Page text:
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Hawaii senator presses Judge Jackson on maintaining neutrality

“What do you do to ensure that you maintain independence free of partisanship when you handle a case?” said Sen. Mazie Hirono (D-Hawaii).
Published: Mar. 22, 2022 at 10:39 PM EDT
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WASHINGTON (Gray DC) - Judge Ketanji Brown Jackson is facing questions from both Democrats and Republicans over her record, her qualifications, and what philosophy she’ll bring to the U.S. Supreme Court.

Nearly 9 hours into Tuesday’s marathon questioning of Jackson, it became time for Sen. Mazie Hirono (D-Hawaii) to have the mic. She zeroed in on Jackson’s judicial philosophy, especially when it comes to precedent and fairness.

“What do you do to ensure that you maintain independence free of partisanship when you handle a case?” said Sen. Mazie Hirono.

“At the outset, I am,” Judge Jackson said. “Setting aside any personal views that I might have about the parties, about the issues, as I also said in my D.C. circuit confirmation it doesn’t matter to me. Whether the argument is being made by the president of the United States or a death row inmate. What I’m doing is looking at the argument, I’m looking at the facts. I am applying the law in as neutral and consistent a manner as I can.”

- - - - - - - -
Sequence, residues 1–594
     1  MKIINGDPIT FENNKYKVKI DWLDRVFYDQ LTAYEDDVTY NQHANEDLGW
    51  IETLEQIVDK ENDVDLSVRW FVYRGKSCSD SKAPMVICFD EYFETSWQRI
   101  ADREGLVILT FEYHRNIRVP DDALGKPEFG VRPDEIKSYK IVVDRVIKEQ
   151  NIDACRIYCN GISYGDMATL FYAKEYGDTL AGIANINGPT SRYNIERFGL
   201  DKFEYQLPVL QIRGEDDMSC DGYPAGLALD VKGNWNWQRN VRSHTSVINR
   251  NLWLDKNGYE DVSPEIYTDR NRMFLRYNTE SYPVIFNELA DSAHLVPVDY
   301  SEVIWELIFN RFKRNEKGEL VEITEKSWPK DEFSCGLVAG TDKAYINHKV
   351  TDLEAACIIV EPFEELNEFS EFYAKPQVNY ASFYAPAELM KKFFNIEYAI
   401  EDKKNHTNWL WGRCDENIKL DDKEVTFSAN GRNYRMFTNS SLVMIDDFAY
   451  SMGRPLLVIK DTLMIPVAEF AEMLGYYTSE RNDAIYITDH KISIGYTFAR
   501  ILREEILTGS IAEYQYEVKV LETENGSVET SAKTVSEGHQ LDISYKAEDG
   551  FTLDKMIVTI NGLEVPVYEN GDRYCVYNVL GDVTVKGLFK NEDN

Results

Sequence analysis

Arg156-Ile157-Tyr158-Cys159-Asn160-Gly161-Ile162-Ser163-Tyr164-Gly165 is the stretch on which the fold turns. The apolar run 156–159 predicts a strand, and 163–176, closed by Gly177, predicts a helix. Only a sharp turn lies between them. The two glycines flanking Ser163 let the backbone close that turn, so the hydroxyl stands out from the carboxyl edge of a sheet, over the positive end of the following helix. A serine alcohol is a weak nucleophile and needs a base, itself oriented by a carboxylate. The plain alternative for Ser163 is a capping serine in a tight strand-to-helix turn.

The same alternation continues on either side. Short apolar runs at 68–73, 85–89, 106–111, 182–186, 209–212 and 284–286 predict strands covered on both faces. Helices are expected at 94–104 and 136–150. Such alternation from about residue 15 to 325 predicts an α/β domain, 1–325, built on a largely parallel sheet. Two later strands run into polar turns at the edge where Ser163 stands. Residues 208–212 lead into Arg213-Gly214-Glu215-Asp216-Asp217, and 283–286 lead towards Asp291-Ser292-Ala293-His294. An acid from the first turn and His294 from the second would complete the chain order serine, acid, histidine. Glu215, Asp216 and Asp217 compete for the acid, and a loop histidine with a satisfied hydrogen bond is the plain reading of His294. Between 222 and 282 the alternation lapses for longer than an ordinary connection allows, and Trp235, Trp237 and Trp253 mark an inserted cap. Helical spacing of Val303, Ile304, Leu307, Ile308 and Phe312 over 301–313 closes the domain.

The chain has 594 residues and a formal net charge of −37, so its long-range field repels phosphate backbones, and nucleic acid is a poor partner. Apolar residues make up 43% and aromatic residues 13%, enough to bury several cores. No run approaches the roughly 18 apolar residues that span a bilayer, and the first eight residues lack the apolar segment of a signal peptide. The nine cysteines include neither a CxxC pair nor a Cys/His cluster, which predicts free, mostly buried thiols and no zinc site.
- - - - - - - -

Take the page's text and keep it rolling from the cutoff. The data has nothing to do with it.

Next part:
As a graduate of Harvard, a former public defender, and a current judge on the Appeals Court of the U.S. District Court in Washington D.C, the Biden administration is emphasizing Judge Brown Jackson’s “outstanding qualifications” and deep understanding of the law.

If Jackson is confirmed, she’ll replace Justice Stephen Breyer who is retiring. She would be also be one of the youngest justices on the bench.

Questioning from senators is expected to continue through the day Wednesday.

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